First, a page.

Governments support energy production and consumption in order to meet social, economic and environmental objectives, and they have been doing so for decades. In times of economic crisis, public budgets and household incomes come under pressure. At the same time, countries need to kick‑start their economies by creating new employment opportunities in emerging industries such as the renewable sector. This report examines the support allocated to energy production and consumption in Europe and its impact on innovation in renewable energy.
The study provides an overview, at European level, of the type of measures in place in 2012 to support energy consumption and production in 32 EEA countries. For four countries, a quantitative analysis is undertaken as well.
Progress towards innovation in the renewable sector is assessed using the number of patent applications to the European Patent Office (EPO) for various renewable energy technologies. The report explores the link between support measures for renewable energy and employment effects in two of the most developed renewable sectors in Europe, namely wind and solar photovoltaics (PV) as well.
The discussion is enhanced by an in‑depth analysis at national level of the situation in four European countries: the Czech Republic, the Netherlands, Spain and Switzerland.
These countries were selected using seven criteria:
- in 2012, countries had to have in place feed-in tariffs/premiums to support renewable energy;
- geographical coverage;
- different progress towards the 2020 renewable targets;
- different innovation performance based on the Innovation Union Scorecard 2013;
- different economic structure;
- different energy mix;
- different drivers for renewable development (EU and non-EU countries).
The main purpose of this analysis is to highlight the part specific country circumstances play in the development of the renewable sector, by exploring related policy effectiveness and policy efficiency, as well as developments in the renewable sector in terms of innovation and employment. Coherence between policy objectives within relevant policy domains is also important, and is briefly addressed for these four countries.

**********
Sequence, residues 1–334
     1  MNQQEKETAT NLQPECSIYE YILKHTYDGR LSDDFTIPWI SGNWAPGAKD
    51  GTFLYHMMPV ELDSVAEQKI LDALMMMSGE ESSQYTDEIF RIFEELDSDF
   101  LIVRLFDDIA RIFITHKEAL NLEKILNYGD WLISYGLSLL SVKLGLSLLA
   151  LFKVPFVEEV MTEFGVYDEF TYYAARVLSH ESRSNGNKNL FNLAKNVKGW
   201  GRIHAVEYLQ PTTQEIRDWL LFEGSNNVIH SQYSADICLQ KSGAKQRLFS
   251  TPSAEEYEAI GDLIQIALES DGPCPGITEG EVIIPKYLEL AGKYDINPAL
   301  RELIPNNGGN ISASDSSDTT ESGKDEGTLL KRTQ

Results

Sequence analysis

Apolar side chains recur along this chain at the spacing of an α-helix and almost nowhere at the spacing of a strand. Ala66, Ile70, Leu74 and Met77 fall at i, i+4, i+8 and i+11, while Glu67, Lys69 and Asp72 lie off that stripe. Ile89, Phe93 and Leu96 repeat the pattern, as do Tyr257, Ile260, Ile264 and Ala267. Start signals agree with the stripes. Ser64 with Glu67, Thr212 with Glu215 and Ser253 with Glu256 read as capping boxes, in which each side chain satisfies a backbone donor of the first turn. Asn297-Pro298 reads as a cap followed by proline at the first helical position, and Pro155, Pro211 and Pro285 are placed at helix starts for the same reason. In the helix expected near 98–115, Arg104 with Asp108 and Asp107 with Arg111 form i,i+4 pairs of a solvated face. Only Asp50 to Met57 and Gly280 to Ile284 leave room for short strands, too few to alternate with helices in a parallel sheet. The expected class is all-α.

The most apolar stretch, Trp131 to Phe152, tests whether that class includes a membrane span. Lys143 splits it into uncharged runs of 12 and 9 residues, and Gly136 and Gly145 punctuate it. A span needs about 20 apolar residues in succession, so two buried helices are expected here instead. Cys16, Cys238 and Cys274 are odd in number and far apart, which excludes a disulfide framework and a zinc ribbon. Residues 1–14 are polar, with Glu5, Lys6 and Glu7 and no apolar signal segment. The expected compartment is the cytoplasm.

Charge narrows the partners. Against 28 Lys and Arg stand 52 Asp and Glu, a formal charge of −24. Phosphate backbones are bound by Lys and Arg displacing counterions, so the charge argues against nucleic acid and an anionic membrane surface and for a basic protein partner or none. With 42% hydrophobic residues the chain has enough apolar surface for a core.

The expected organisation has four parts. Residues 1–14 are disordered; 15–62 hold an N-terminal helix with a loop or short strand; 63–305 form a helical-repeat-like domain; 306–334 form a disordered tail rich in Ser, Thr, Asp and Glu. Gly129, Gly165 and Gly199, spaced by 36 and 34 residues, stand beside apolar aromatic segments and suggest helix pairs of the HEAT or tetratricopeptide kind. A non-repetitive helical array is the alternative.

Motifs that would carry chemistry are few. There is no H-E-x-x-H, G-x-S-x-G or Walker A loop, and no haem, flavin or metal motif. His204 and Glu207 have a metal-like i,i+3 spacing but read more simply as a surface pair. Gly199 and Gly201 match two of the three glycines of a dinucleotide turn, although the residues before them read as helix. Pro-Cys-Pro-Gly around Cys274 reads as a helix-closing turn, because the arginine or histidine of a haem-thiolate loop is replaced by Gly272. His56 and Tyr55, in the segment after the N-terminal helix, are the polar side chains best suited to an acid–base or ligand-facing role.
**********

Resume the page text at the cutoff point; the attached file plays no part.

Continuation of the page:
The main findings of the report are summarized below.
Despite growing interest in promoting renewable energy, in 2012 many support measures in Europe targeting fossil fuels and nuclear sectors were still in place, and continued to affect public budgets.
Fossil fuel support in Europe is expressed mainly through fiscal exemptions to support the consumption of these fuels in certain economic sectors. They constitute a burden on public budgets, because they are revenue forgone by governments.
Renewable support is a mix of surcharges on the energy bill of the end users, and governmental support. In the case of electricity, the former type of support prevails. Consequently, such support does not represent a burden on public budgets, but it does affect energy prices for end users, particularly when the merit order effect is not passed on to them.
Support for the nuclear industry is poorly documented, but it has existed for decades in Europe in various forms, including explicit or implicit limited liability in case of major accidents, grants and government-mediated financing and regulated prices. Despite being difficult to quantify, this support can place a significant burden on the public budget.